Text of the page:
BY SABRINA GAGGIA
After a day of school filled with lectures and assignments, junior Dylan Lesieur comes home to complete homework and work on an online class.
With the current Florida rule requiring all students take at least one online class in order to graduate, Lesieur is now part of the norm. This rule applies to all freshmen who began high school this year.
Lesieur began English III online in the beginning of the school year. He set a goal for himself to complete the course before the year ends and when finished, begin a different online course; he has not yet been able to complete English.
His day ends after seventh hour because he is enrolled in an online class. During eighth hour he said he either stays in school and works on online homework or goes home and works on it there.
“It’s so stressful because even though I have the benefit of leaving school early, I keep on getting threatened by my online teacher to get kicked out of the class because I don’t always turn some assignments in,” Lesieur said.
Freshman Baldwin Suen has previously taken three online classes. He is currently taking Pre-Calculus.
“Even though it is a hard thing to balance, I make time for it,” Suen said. “I know that it’s going to help me in the future so I try to keep that in mind.”
Sophomore Ana Malagon said she endured no troubles while achieving her goal to finish online Spanish I in two months.
“It really wasn’t hard to accomplish since I did most of it during summer,” Malagon said. “It’s probably so much more hard now during school because of the seven class schedule.”
She said taking her online class was an easy, quick and effective way for earning a credit. Malagon said she chose to take Spanish I in order to complete a graduation requirement and because she felt it would be the easiest and least stressful class for her.
Malagon said she didn’t mind the online course but would rather work on paper instead of having to log on and work off of a computer.
“It is so different to go from using paper in school all day to computer work when I work, but I think once you get used to it, it’s really not that bad,” Malagon said.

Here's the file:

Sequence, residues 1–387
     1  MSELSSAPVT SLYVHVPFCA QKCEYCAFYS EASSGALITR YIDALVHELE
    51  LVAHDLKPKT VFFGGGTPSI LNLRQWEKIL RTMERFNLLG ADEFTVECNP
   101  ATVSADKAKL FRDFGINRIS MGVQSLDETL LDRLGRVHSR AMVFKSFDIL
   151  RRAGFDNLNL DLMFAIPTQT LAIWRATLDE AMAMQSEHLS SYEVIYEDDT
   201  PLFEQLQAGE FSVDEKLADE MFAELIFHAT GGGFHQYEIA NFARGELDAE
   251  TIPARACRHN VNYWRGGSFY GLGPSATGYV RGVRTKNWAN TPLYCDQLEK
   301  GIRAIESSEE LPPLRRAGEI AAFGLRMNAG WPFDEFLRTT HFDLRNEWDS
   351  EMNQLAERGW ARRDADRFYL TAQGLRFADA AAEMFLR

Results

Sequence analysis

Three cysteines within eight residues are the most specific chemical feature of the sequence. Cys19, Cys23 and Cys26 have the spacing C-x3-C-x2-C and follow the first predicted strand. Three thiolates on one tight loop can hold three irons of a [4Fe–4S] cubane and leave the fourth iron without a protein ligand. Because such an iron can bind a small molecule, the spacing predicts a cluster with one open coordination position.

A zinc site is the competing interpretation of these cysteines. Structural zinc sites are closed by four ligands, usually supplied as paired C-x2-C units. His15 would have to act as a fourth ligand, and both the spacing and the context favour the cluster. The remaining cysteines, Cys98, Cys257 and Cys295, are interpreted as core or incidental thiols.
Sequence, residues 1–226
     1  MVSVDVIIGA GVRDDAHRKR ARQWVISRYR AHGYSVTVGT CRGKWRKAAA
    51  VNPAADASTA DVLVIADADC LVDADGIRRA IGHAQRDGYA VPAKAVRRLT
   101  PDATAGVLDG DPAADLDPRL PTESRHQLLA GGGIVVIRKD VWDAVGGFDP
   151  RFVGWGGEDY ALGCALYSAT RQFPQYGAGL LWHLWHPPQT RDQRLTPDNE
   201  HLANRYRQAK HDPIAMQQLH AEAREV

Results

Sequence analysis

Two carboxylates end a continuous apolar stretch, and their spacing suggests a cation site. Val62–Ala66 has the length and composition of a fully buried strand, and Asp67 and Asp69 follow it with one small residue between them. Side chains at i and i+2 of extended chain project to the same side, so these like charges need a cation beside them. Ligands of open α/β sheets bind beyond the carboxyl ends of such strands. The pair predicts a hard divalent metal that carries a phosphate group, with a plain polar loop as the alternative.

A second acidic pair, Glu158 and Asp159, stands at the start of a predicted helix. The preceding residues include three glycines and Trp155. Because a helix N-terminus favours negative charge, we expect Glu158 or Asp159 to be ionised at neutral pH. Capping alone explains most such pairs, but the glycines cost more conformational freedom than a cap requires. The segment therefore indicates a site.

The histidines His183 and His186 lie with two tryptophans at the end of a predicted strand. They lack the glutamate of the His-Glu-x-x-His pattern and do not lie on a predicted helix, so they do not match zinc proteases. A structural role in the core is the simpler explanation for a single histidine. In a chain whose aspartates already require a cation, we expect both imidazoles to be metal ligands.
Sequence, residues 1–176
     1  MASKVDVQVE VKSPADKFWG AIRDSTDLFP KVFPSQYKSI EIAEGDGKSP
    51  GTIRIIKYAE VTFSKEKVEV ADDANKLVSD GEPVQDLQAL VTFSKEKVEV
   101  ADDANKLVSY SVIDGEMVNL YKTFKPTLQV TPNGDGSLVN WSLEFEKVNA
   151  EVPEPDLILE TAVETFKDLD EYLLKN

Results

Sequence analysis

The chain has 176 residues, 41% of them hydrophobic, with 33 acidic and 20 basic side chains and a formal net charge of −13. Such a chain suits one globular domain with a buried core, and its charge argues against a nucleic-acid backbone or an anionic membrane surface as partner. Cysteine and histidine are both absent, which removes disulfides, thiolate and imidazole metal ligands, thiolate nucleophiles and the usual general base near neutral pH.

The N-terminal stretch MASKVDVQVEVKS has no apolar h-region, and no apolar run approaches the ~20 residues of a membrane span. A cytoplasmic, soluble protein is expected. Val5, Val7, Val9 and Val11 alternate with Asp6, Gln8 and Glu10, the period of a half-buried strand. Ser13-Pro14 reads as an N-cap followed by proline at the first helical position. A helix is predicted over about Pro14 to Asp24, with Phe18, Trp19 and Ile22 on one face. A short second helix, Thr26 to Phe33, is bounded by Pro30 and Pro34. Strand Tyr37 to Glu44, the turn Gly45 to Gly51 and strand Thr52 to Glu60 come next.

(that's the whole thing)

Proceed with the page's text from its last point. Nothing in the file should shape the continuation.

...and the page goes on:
Having completed Health Opportunities through Physical Education (HOPE), Algebra I and II honors, Suen is working on Pre-Calculus. He said he took his first class, HOPE, for the credit and the math courses in order to advance in mathematics.
With swimming practice, school, online work and clubs he said his days are jam packed with ongoing activities.
“No matter how many online classes you take, you’re still going to have school work and daily activities whether its with family or with friends, so I choose to do one at a time but of course finish as fast as possible,” Suen said.
Suen said his life gets chaotic but he benefits from online classes because he can learn things at his own pace and re-do assignments along with using his notes during test and quizzes.
“Even though it’s so simple to cheat on online classes I try to stay above that,” Suen said. “I kind of understand why people would cheat since there’s so much going with school it’s just easier, but in reality it’s only going to hurt you not help you.”
Tania Clow, Communications Specialist for Florida Virtual School, said in an email interview that every student is unique and learns at a different pace.
“At FLVS, students work at their own pace and advance from one level to the next to achieve mastery of a subject,” Clow said. “This allows for a student to accelerate their learning, or if needed, take more time to master the course.”
Clow said any person who knowingly and willfully takes an online course or examination on behalf of another person is now a misdemeanor punishable by jail and fines.
“Academic integrity is one of the core values of Florida Virtual School,” she said. “Students with academic integrity make decisions based on ethics and values that will prepare them to be productive and ethical citizens.”